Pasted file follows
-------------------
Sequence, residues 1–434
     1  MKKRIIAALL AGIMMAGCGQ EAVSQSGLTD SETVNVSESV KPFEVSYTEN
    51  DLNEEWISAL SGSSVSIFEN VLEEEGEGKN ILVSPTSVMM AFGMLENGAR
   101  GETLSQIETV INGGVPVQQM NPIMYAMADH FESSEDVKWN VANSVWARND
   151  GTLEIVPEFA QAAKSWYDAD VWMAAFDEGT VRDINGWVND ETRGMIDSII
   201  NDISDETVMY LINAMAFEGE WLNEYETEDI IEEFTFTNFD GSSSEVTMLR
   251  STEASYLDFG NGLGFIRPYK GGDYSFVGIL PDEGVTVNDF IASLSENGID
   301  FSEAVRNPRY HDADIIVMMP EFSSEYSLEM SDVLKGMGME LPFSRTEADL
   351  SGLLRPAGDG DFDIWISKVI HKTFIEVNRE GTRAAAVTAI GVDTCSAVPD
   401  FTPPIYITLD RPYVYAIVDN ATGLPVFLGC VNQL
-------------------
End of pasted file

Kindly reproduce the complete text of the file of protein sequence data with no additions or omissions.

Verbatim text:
Sequence, residues 1–434
     1  MKKRIIAALL AGIMMAGCGQ EAVSQSGLTD SETVNVSESV KPFEVSYTEN
    51  DLNEEWISAL SGSSVSIFEN VLEEEGEGKN ILVSPTSVMM AFGMLENGAR
   101  GETLSQIETV INGGVPVQQM NPIMYAMADH FESSEDVKWN VANSVWARND
   151  GTLEIVPEFA QAAKSWYDAD VWMAAFDEGT VRDINGWVND ETRGMIDSII
   201  NDISDETVMY LINAMAFEGE WLNEYETEDI IEEFTFTNFD GSSSEVTMLR
   251  STEASYLDFG NGLGFIRPYK GGDYSFVGIL PDEGVTVNDF IASLSENGID
   301  FSEAVRNPRY HDADIIVMMP EFSSEYSLEM SDVLKGMGME LPFSRTEADL
   351  SGLLRPAGDG DFDIWISKVI HKTFIEVNRE GTRAAAVTAI GVDTCSAVPD
   401  FTPPIYITLD RPYVYAIVDN ATGLPVFLGC VNQL